In recent years, many brands (Salvatore Ferragamo, Dunhill and Red Wing, to name a few) have sunk marketing dollars into making videos that explain the hands-on craftsmanship behind their products. But Canada Goose departs from the usual formula by screening its video backwards. Instead of kicking off with raw materials and the assembly line, the video starts with a finished sweater that, with the video running in reverse, slowly devolves back into its component parts. The film not only makes for unusual viewing but, according to Poriadjian-Asch, is actually a more logical presentation. “Part of why you use the video in reverse is, as the story unravels before you, you have to fall in love with the product [first] to care why it’s made,” she said.
And indeed, Canada Goose is betting heavily that consumers will care: Its sweaters are not cheap. Prices for the 15-piece line will start at $295 for a basic mid-weight sweater and go up to HyBridge Knits that top out at $650.
The brand’s standing reputation with sophisticated and well-heeled apparel shoppers will have to do much of the selling, since Canada Goose is planning a comparatively limited marketing push. Aside from the short film, the brand has invested in online marketing including pre-roll video and programmatic display ads. As Poriadjian-Asch puts it, because “we’re not a mass-marketing type of brand,” the strategic digital outreach is designed primarily to tap customers already familiar with the Canada Goose name and guide them into stores (either the company’s own locations or high-end retailers like Nordstrom and Saks Fifth Avenue) where they can try on the sweaters themselves.
While there’s little doubt that high-end shoppers will fail to recognize the Canada Goose name, there is a gamble inherent in branching into a new product line that—save for the cold-weather theme—has comparatively little to do with the jackets and parkas that made the company famous.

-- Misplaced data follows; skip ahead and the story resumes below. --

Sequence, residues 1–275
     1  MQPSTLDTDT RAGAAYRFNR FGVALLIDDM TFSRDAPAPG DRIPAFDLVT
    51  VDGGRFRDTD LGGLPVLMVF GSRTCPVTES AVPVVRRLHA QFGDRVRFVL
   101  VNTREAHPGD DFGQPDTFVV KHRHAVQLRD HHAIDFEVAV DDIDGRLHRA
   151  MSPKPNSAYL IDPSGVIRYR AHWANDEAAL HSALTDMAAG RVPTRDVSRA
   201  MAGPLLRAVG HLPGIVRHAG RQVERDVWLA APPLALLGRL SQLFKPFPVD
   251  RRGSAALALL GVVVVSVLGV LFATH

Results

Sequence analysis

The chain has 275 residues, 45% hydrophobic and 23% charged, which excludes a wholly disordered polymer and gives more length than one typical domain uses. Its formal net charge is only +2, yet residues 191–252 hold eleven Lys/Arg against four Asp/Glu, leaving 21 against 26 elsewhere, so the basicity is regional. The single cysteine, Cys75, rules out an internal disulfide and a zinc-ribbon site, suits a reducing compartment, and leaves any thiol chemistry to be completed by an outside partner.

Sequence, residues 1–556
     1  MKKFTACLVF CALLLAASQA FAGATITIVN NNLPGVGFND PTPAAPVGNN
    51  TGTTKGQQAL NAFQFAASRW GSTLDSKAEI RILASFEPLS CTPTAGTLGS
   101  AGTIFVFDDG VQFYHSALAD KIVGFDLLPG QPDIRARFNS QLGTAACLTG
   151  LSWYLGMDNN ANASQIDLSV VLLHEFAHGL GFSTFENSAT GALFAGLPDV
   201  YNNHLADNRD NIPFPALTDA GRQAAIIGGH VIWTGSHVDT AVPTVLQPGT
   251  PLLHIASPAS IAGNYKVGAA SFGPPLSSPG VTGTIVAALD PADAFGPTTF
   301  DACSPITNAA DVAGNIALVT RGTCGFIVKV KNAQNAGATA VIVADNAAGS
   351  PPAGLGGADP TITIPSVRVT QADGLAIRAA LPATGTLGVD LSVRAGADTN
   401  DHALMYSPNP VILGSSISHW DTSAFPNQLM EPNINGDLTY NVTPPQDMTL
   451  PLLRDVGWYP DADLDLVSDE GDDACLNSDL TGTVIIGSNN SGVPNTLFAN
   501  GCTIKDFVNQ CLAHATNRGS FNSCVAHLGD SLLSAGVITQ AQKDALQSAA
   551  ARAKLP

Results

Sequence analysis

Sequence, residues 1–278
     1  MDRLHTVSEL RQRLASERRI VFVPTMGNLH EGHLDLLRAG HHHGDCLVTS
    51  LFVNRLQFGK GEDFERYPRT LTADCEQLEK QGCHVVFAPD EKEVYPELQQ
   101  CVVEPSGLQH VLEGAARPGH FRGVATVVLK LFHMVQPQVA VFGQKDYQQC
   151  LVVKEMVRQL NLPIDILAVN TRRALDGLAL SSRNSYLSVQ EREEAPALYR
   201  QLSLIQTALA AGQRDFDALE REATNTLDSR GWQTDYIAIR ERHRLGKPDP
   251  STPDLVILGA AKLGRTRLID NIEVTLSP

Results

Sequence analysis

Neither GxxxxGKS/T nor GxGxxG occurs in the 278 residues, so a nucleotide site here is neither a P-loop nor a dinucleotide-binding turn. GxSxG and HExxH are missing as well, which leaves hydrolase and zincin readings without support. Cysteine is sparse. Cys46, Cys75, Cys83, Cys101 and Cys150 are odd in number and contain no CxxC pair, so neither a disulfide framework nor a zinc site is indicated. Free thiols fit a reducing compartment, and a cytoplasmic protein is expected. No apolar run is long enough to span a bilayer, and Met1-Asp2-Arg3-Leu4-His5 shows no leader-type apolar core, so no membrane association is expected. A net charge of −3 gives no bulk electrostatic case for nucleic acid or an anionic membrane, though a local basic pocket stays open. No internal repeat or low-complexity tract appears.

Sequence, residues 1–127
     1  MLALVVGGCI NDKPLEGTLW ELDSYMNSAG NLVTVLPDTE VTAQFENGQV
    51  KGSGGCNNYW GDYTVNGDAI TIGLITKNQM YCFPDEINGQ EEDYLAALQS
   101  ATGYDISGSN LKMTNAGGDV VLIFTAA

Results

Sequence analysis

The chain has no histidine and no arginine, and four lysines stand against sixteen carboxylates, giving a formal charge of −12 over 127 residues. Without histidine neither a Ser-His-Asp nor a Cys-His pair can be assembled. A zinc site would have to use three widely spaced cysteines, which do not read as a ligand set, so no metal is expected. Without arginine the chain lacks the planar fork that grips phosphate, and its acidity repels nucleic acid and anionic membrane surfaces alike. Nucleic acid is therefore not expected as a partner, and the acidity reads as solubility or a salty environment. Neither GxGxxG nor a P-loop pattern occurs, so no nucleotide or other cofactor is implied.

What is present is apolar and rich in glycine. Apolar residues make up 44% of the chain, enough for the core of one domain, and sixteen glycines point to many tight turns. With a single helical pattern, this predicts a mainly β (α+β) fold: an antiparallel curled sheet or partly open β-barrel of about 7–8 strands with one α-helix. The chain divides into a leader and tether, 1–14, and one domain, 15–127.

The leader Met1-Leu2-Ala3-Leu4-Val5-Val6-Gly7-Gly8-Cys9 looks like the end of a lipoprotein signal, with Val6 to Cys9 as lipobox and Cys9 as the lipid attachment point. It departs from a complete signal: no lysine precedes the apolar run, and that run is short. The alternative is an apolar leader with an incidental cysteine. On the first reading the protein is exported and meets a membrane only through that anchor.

“Anytime a strong, successful brand strays away from its core product, there are risks to both the existing business and to the new line-up,” observes Bruce Winder, co-founder and partner of the Retail Advisors Network. “It sounds like they are starting small and not pushing it too hard, which is smart to mitigate the risks.”
As for the craftsmanship video, while Winder appreciates the thought that went into it, he worries that so much time spent on cinematic shots of yarn and sewing machines may come at the expense of the product attribute that Canada Goose customers will naturally be looking for: warmth. “They don’t get specific as to how the material is superior and what benefits it offers outdoor enthusiasts,” he said. “I think they could have done a better job linking the craftsmanship to the product in the field working hard to help keep enthusiasts warm in a harsh climate.”
Time will tell, of course, if Canada Goose sweaters will bring the company the sort of renown (and revenue) that those down-stuffed parkas did—especially two years ago, when it seemed like every urban hipster north of Baltimore was sporting Canada Goose. But Poriadjian-Asch doesn’t seem apprehensive. “It’s so much more than just another sweater,” she said.
“We believe that this going to be a core addition to the wardrobe. This is not intended to be a one-off. These are classics. Even if you buy a new piece every season, you’ll continue to love it more than the piece you’ve already acquired.”